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Nicky Marr: Remember the promise Humza Yousaf made us about the A9? Let's take a look at what he said...

By Nicky Marr

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Humza Yousaf. Picture: James Mackenzie.
Humza Yousaf. Picture: James Mackenzie.

Too often, with the centre of power lying in the Central Belt or Westminster, those of us on the geographical fringes are overlooked.

But once again, The Inverness Courier are sticking their heads proudly and publicly above the parapet, by creating events that draw the plight of our local communities to the attention of those who have the power to make change. I am proud be part of the team that brings these events to life.

Tuesday afternoon will see a capacity audience at Eden Court for the A9 Crisis Summit. This follows the Government’s broken promises, made in 2007 and 2011, to dual the A9 between Perth and Inverness by 2025.

21 people have died on the A9 since January 2022, with the vast majority of accidents occurring on single carriageway stretches. With no safety barriers between north and south carriages, and unsafe junctions, it’s only a matter of time before another fatality is reported. Broken promises are one thing; broken promises that cost lives are quite another.

My job on Tuesday is to host the event and moderate the panel discussion, and in preparation, I have spent the last three weeks talking to safety campaigners, representatives from the construction industry, business leaders, and politicians.

I have watched the evidence given to the Public Petitions Committee of The Scottish Parliament about why the A9 has not been dualled up to now, and talked to civil engineers about what it will take to get the job done. And I have driven the route itself, but this time an eye to what measures might make the road safer while we wait for dualling to be completed.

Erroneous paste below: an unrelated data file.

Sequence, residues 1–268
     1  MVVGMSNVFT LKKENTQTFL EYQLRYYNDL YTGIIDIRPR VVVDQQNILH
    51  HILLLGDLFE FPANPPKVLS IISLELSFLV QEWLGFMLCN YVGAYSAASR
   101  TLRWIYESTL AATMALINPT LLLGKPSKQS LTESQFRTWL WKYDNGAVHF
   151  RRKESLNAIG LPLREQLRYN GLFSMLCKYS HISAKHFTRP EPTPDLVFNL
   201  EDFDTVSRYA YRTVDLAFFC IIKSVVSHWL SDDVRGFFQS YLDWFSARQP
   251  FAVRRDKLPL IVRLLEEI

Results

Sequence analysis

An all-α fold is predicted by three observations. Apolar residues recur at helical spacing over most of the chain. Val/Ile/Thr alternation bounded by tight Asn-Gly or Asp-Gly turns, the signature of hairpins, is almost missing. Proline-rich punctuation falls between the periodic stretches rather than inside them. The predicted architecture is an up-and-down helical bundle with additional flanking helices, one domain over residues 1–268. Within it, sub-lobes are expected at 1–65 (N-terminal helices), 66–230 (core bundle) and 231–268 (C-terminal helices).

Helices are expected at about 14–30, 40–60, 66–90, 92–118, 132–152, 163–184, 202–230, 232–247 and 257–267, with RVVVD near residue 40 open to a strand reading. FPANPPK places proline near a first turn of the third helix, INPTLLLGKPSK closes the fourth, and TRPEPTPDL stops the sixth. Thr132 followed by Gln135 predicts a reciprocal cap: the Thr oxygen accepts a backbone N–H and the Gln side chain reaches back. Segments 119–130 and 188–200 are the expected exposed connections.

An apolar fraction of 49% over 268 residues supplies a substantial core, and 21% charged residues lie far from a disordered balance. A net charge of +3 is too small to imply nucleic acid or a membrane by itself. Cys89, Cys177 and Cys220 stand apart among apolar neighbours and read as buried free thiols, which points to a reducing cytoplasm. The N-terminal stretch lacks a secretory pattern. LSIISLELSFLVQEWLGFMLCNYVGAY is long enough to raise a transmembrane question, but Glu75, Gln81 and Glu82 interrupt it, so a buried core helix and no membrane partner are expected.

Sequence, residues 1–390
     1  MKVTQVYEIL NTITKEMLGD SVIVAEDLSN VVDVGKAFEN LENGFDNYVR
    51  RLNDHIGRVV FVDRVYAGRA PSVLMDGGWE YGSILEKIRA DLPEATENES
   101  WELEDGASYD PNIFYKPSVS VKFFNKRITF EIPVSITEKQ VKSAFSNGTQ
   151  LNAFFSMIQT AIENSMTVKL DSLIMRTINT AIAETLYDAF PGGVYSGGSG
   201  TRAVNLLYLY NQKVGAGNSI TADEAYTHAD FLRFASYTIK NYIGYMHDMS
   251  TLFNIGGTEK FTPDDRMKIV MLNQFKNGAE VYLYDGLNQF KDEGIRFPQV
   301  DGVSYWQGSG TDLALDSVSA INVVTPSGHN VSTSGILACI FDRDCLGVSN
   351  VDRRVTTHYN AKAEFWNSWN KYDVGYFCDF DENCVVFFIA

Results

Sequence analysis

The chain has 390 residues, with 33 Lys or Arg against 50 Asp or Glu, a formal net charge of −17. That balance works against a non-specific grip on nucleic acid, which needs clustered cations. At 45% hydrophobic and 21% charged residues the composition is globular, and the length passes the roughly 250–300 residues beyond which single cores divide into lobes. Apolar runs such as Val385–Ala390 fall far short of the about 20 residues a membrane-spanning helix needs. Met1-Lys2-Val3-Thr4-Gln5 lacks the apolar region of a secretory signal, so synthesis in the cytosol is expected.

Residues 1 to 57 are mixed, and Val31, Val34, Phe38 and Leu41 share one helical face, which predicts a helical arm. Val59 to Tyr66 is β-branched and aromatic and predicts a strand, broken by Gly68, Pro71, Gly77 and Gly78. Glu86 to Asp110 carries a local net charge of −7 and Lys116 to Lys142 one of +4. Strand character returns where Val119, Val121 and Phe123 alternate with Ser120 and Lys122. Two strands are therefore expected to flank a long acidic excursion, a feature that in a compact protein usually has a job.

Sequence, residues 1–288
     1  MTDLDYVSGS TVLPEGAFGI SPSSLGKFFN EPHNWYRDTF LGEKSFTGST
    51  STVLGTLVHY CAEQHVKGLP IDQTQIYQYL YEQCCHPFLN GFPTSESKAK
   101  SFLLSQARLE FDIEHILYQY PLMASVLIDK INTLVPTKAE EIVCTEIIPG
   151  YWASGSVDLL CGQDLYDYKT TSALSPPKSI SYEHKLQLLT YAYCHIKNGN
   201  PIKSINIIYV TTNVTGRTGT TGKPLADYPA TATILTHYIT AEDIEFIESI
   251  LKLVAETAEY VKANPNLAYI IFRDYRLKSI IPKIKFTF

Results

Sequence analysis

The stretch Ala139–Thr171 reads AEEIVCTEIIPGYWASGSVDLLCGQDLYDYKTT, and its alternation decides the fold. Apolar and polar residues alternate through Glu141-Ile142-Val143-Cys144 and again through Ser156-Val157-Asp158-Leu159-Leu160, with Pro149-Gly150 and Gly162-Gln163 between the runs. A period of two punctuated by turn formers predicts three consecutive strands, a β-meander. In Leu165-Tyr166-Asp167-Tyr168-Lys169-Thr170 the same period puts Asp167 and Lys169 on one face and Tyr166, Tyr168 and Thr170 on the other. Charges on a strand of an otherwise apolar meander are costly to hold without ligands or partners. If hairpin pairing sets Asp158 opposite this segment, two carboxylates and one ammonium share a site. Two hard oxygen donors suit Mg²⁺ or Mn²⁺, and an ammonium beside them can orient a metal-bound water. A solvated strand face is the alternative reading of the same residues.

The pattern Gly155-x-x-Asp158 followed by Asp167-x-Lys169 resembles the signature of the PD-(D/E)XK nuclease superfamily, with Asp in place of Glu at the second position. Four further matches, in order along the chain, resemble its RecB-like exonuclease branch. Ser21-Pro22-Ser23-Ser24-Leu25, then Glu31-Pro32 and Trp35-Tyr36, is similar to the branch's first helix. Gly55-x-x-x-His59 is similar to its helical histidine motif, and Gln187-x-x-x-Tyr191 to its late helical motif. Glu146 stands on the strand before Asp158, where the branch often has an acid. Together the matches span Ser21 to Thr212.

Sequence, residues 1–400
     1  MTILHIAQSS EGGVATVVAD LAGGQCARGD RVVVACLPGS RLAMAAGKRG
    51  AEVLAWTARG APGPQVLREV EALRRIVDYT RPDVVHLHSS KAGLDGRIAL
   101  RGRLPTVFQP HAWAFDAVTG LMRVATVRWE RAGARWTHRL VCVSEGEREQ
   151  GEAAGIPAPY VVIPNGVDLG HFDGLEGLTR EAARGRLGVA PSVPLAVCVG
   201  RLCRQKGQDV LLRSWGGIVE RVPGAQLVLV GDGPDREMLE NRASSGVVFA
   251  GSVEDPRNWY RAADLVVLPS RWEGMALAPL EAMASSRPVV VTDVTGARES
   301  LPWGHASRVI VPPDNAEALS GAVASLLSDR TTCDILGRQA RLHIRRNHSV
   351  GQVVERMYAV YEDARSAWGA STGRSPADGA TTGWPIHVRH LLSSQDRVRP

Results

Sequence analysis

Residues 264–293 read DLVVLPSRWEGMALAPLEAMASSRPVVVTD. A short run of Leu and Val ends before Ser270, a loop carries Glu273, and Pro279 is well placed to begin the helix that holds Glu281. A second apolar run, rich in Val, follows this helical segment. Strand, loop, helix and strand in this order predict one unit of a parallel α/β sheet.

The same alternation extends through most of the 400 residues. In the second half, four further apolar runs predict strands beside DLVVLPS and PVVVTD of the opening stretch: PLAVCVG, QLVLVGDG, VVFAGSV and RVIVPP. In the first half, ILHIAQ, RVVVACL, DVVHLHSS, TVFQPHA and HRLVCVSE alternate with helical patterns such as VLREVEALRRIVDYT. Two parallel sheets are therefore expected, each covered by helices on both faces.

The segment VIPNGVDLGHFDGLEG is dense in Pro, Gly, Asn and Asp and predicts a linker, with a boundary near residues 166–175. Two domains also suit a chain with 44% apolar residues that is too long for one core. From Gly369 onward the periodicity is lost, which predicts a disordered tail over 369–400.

On Tuesday I’ll be joined on stage by Mairi McAllan, the new Cabinet Secretary for Transport, but also by the interim Chief Executive of Transport Scotland, Alison Irvine, and by Rob Galbraith, who has responsibility for the A9 Dualling Project.

Also there will be representatives from business, and road safety campaigners. Fergus Ewing, recently highly vocal about his government’s failures here, will also be on the panel.

But what can The A9 Crisis Summit hope to achieve?

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We’re not sure whether there will be any earth-shattering announcements about a new timetable for the A9 to be dualled, or even for the beleaguered Tomatin to Moy section to be put out to tender again. We’ve been told we’ll have to wait till the autumn for a new timetable.

But why autumn? Wasn’t this a priority of our new First Minister, Humza Yousaf, even before he took office?

Four months ago, The Inverness Courier held an SNP leadership Debate with all three of the candidates who were vying to become Scotland’s First Minister. Ours was the only regional media group in the country to secure a debate which was about issues that were important to our local communities, and it gained coverage across the world.

Alongside questions about local healthcare and maternity services, poverty in Merkinch, and the housing crisis, The Scottish Government’s broken promise by to dual the A9 by 2025 was a hot topic.

The recording of the Leadership Debate is on YouTube, and I watched it back to remind myself of what was said. These are Humza Yousaf’s words:

“We have a commitment to dual it, I have a commitment to dual it. But the main thing we have to do is come in, not within months, but within weeks, to give you a timetable for the A9 completion, and make sure that finances show and demonstrate that it’s a priority for government.”

Weeks? The silence since March has been deafening.

You’ll hear the outcome of tomorrow’s Crisis Summit in the coming days, and The Inverness Courier and her sister papers will be holding Transport Scotland and The Scottish Government to account until the job is complete.

The goal is for there to be no more collisions, no more fatalities. Dualling is the first step towards that.

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